1. L/D - O - Sharp edged orifice. There is no choked flow. The following equation should be used just as it is shown below. This is essentially the orifice equation for single phase incompressible flow as an estimate for an orifice.


    where tex2html_wrap_inline4467 is the density of the initial mixture.

  2. O < L/D < 3 - Nozzles and short tubes. Use Equation 4.27 with tex2html_wrap_inline4841 from 4.6 in Region I replacing tex2html_wrap_inline4755 . There are substantial departures from equilibrium for these conditions. Perhaps the jet breaks free of the tube but the space between the tube and the jet is filled with vapor at a pressure higher than the back pressure.
  3. 3 < L/D < 12 - Middle length tubes. For this geometry no convenient prediction scheme exists as departures from equilibrium, which are neither negligible nor governing, exist. for these conditions replacing tex2html_wrap_inline4755 by tex2html_wrap_inline4841 in Region II from 4.6 overestimates the flow rate to some extent. Apparently, the jet is breaking up as equilibrium is being established.
  4. 12 < L/D < 40. The flow rate is almost independent of the tube length so the tex2html_wrap_inline4841 from 4.6 in Region III can be used to determine the critical flow rate from 4.7. Almost the whole pressure drop is due to momentum changes and wall friction is negligible.
  5. L/D < 40. Wall friction forces become increasingly important, but very gradually so, and the critical flow rate drops slowly. Here it is suggested that one can begin by guessing a critical mass velocity and going to Figure 4.7 to obtain the corresponding critical pressure. Figure 4.6 can be used to estimate the pressure 40 L/D's upstream from the discharge. From that point to the entrance, the appropriate single or two phase pressure drop can be estimated with existing correlations. If the calculated entrance pressure is the right one, the initial mass velocity assumption is correct. If not, try another assumption. Small changes in the assumed mass velocity will change the pressure drop appreciably and the calculation will coverage rapidly.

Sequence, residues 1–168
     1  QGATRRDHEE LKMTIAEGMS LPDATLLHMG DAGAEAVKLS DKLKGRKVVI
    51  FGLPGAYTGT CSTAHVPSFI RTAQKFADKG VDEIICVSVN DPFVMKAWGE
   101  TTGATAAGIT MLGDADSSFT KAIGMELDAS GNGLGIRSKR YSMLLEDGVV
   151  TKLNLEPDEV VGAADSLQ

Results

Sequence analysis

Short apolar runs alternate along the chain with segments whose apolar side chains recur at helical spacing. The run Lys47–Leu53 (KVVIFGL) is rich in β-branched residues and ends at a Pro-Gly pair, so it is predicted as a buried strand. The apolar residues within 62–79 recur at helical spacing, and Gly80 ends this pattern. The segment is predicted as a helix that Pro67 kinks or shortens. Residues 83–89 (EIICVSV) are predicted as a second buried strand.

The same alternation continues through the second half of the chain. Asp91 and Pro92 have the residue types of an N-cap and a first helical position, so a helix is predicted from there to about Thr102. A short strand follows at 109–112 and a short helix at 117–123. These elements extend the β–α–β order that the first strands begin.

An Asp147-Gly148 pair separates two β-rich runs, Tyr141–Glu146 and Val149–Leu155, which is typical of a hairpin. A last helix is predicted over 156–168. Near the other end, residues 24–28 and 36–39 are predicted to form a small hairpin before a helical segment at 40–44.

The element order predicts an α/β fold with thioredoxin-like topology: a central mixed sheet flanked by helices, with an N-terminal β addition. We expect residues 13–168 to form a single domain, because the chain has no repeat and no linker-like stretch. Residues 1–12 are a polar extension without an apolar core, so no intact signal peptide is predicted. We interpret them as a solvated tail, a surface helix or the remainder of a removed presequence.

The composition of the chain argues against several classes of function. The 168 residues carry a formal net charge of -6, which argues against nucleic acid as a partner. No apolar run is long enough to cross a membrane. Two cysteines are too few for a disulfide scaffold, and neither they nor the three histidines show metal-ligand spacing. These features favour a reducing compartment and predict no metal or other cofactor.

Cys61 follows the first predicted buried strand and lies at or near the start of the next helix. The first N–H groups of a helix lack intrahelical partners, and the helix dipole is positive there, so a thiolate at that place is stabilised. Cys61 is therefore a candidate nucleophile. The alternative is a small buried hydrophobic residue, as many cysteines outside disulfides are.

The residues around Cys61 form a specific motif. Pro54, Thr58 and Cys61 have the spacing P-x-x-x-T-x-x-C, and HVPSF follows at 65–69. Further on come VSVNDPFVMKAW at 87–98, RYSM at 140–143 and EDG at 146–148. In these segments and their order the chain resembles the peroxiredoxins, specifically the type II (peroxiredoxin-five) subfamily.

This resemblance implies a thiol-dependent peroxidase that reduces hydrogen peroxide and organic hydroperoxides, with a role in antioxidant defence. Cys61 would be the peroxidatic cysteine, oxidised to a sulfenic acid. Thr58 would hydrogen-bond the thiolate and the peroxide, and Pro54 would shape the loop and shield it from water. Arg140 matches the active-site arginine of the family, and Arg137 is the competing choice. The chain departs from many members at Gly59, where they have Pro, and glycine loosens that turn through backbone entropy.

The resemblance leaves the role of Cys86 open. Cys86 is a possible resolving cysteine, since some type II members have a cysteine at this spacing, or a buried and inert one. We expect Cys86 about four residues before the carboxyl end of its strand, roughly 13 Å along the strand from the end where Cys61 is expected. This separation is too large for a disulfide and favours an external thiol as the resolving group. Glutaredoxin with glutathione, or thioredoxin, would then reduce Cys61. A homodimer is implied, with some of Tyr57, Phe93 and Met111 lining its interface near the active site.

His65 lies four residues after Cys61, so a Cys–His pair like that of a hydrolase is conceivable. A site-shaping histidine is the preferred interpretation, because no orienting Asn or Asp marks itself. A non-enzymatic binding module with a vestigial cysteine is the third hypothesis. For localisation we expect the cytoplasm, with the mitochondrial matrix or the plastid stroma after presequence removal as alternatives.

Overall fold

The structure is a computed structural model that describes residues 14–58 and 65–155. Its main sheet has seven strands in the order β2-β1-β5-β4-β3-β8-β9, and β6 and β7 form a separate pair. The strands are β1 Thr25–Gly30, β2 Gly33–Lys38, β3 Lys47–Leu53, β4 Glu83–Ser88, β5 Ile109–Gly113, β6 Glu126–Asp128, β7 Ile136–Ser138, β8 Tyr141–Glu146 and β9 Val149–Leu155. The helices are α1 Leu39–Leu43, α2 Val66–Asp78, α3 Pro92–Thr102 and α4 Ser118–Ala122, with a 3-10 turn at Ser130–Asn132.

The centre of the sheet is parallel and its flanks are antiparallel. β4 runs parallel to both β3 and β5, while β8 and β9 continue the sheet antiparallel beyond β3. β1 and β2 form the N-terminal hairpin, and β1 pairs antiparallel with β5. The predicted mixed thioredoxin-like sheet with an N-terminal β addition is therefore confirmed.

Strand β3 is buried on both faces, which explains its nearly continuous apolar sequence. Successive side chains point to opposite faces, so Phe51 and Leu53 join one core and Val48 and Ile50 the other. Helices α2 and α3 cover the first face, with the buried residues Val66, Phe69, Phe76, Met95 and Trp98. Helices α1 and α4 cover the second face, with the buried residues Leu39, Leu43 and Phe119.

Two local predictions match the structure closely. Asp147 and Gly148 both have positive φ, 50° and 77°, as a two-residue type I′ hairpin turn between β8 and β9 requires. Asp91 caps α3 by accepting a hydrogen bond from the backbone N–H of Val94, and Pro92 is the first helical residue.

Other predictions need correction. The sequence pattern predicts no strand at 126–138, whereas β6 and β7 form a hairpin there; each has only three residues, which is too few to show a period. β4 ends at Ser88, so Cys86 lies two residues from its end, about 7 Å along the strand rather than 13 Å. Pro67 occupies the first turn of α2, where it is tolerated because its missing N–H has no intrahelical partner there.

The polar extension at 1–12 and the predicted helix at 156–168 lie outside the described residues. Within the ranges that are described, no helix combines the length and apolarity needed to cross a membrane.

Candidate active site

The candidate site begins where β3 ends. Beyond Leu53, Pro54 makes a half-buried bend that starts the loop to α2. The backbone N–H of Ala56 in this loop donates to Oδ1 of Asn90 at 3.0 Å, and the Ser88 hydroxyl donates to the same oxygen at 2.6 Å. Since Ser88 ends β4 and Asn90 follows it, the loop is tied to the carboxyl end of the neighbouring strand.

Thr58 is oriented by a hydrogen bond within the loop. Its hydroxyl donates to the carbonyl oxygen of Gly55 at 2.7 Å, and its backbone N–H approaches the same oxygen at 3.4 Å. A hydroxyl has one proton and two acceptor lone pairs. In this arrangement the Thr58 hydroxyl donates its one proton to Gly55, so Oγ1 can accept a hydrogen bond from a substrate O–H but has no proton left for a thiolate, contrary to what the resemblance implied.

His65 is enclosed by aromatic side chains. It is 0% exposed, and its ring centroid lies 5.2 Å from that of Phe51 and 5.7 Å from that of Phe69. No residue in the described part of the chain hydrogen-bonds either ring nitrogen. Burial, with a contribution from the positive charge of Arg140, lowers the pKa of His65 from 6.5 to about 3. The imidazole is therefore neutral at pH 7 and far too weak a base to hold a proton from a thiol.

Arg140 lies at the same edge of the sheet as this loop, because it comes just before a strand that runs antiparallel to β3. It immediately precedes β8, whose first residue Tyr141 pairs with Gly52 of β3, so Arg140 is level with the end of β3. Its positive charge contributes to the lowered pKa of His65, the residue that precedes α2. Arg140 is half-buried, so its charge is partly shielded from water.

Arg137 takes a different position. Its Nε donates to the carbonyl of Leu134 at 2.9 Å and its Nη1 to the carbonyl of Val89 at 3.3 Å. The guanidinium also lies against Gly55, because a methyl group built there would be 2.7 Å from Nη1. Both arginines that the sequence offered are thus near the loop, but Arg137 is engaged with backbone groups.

The experiments justifying the calculation method just described are performed on an apparatus such as illustrated in Figure 4.11. A typical pressure-length curve is shown. Data comparisons reported in References [8] and [12], among others, are shown in Figures 4.12 and 4.13 for low and high quality cases. The comparison between the Fauske prediction methods and the data in this quality range is good. As can be seen, the homogeneous model predicts poorly in the moderately low quality region but gives better predictions as the quality increases.

Similar experiments have been run on a long capillary with Freon 12 in and 18-foot tube .042 inches in diameter. The L/D is over 1000 in the two phase region II. The pressure and temperature trace is shown in Figure 4.14. The steeper pressure gradient in the two phase region, beyond 12.5 feet, is evident on this figure.

As mentioned in Reference [9], a number of other choked flow theories exist for separated flow, which do about as well with the data of these Figures (4.12-13) and as that of Fauske (e.g., Ref. 10). The details of the assumptions somewhat differ but the result is about the same. In fact one should realize that the agreement may be the result of compensating errors.

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Next: Fluids Other Than Water Up: SOUND SPEED AND CRITICAL Previous: Homogeneous Frozen Flow Model

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Last Modified: Tue Sep 2 15:06:55 CDT 1997